Denver Mayor Michael Hancock has ordered city venues to close their doors and cancel events for the next month, effective immediately, as fears of the new coronavirus spread throughout the United States.
“Our priority is to ensure the health and well being of our community,” Hancock said.
The venues will remain closed until April 12, he said. They are Red Rocks Park & Amphitheatre, Denver Performing Arts Complex, Denver Coliseum, McNichols Civic Center Building and the Colorado Convention Center.
And beginning Monday, Denver’s libraries and recreation centers will be closed until further notice, Hancock said.
“These are not easy decisions; this is the life of our city,” he said.
Denver Museum of Nature & Science, Denver Zoo and Denver Botanic Gardens will all issue their own policies, Hancock said. The court system is considering its own changes and City Council meetings will likely continue, he said.
The mayor urged private businesses to follow the “strong lead” of Colorado’s public entities and asked business owners to care for their employees.
“This is not the time to be wedded to your HR book,” he said.
Hancock’s order cements the trend of cancellations that have swept Denver’s public and private industries. Metro area schools and universities also announced closures and cancellations.
As of Friday afternoon, 72 people in Colorado had tested positive for the virus, which causes the respiratory illness COVID-19, according to the Colorado Department of Public Health and Environment. Thirteen of those cases are in Denver County.
In another measure to combat the virus, the city has set up 20 hand-washing sinks around Denver this week and dozens more are on the way.
Most of the sinks will be available at all hours of the day, and several locations will also include portable restrooms, according to a list of all the recently deployed facilities obtained by The Denver Post.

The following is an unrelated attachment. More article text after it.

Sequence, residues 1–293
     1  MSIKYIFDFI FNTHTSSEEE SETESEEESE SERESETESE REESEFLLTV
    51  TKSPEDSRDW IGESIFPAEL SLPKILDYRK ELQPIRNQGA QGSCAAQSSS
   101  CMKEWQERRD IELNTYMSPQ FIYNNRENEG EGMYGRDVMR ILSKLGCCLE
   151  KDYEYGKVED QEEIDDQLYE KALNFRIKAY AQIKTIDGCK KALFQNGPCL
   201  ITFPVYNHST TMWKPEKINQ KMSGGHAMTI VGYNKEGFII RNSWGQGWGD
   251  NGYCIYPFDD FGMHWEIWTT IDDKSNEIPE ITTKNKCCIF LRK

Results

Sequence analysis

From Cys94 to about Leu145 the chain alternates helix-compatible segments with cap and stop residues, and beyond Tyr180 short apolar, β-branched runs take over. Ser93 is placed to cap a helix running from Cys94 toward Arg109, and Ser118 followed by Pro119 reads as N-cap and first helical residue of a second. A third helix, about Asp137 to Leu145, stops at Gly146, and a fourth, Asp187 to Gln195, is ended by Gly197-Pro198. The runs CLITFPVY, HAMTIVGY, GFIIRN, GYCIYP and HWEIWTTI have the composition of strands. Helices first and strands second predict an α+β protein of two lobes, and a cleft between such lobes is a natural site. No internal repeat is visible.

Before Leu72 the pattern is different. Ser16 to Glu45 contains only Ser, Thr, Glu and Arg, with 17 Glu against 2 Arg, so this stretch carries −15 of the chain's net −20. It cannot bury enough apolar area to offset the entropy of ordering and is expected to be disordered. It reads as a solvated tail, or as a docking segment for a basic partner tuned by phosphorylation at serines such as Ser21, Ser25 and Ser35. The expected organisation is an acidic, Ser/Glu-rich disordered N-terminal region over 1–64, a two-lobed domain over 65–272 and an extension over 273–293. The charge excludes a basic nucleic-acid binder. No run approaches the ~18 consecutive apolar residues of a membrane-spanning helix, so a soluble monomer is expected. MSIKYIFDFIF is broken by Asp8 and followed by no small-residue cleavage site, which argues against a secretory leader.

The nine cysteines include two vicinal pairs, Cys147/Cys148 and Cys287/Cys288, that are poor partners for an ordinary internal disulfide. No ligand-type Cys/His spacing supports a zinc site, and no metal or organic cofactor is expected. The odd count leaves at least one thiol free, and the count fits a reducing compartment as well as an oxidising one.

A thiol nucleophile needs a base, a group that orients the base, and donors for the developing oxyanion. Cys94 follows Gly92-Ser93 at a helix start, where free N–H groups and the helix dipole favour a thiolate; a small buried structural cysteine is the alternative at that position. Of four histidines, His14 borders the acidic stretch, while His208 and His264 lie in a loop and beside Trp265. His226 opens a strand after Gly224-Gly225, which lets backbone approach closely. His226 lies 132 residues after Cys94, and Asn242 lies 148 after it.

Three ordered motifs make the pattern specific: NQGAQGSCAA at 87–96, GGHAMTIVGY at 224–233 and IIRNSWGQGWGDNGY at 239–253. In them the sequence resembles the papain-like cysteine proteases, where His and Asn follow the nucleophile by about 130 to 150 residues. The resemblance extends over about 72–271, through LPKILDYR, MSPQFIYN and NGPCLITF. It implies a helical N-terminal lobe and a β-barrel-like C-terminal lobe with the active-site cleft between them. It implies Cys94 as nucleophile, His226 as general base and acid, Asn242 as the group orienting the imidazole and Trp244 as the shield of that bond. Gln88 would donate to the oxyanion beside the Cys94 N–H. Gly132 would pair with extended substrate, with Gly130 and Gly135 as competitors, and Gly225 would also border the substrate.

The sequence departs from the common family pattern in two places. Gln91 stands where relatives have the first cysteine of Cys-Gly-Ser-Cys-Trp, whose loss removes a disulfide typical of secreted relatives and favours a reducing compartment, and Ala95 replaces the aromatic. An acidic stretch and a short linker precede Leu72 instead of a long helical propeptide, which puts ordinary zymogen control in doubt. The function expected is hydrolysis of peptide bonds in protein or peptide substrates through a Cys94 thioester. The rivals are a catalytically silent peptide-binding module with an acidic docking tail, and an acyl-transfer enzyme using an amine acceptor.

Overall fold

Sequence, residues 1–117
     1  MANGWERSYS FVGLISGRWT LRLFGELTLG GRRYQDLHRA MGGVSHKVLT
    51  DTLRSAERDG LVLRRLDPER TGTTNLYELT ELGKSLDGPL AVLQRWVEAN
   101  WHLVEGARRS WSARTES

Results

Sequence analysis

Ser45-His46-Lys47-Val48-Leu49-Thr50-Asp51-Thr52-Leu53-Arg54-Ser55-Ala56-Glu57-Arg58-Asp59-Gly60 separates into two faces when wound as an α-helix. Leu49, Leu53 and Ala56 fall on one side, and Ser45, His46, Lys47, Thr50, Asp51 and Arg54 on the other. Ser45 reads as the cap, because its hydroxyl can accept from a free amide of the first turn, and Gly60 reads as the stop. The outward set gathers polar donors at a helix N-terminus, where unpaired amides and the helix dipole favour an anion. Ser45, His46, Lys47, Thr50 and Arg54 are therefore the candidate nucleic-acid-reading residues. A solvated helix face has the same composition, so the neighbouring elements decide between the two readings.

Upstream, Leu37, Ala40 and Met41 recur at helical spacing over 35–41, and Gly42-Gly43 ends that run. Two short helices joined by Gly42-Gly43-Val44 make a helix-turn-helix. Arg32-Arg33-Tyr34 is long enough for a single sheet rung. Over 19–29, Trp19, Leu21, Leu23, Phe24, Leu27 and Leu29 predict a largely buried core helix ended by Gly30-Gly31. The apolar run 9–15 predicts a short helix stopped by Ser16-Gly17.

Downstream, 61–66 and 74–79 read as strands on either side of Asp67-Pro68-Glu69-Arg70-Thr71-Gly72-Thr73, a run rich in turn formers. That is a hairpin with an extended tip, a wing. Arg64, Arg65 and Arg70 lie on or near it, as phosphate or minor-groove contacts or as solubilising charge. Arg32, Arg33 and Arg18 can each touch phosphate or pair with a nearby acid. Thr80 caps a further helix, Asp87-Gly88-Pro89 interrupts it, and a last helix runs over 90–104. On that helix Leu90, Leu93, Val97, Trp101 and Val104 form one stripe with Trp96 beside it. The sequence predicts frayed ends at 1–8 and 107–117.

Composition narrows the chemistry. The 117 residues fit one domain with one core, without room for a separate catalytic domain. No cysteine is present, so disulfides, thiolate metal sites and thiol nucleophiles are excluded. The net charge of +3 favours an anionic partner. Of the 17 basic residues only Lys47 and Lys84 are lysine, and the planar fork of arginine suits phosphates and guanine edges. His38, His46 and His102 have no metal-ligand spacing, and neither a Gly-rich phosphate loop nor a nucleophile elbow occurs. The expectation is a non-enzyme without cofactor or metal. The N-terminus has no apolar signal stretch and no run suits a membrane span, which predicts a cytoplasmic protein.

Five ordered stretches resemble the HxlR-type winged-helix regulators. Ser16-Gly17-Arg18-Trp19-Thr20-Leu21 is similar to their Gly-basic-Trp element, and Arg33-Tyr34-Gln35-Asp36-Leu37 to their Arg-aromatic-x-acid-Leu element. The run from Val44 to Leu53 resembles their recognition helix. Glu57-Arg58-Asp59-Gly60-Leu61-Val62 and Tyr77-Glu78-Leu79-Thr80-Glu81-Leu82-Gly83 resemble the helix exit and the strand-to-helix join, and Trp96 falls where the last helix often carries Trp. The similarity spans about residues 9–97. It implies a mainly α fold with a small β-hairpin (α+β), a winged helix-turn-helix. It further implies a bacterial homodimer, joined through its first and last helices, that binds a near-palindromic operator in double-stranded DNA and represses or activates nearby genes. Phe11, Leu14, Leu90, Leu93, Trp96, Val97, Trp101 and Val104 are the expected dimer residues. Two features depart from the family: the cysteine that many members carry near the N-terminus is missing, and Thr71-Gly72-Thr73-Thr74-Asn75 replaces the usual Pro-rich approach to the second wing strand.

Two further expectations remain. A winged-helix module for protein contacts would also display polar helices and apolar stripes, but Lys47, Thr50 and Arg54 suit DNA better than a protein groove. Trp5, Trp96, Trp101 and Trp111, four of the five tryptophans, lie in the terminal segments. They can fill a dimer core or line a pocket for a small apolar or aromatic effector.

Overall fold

The 20 already available are situated downtown — seven around parks, five along the 16th Street Mall and eight scattered throughout the city’s core, said Tammy Vigil, spokesperson for Denver’s Joint Information Center. The center was established to unify communications about the virus.
Forty-six more hand-wash stations were expected to be installed around the rest of Denver on Friday, Vigil said. All but three of those will allow 24-hour access.
Denver’s Department of Public Health and Environment requested the additional sinks using money from the city’s general fund as well as reallocating cash from other city departments, Heather Burke, another center spokesperson, said in an email.
Frequent hand washing is among the most-often cited ways to combat the spread of the virus.
Thursday, Mayor Michael Hancock ordered the city’s Emergency Operations Center to operate at its full capacity of 90 employees, just hours before declaring a local state of emergency.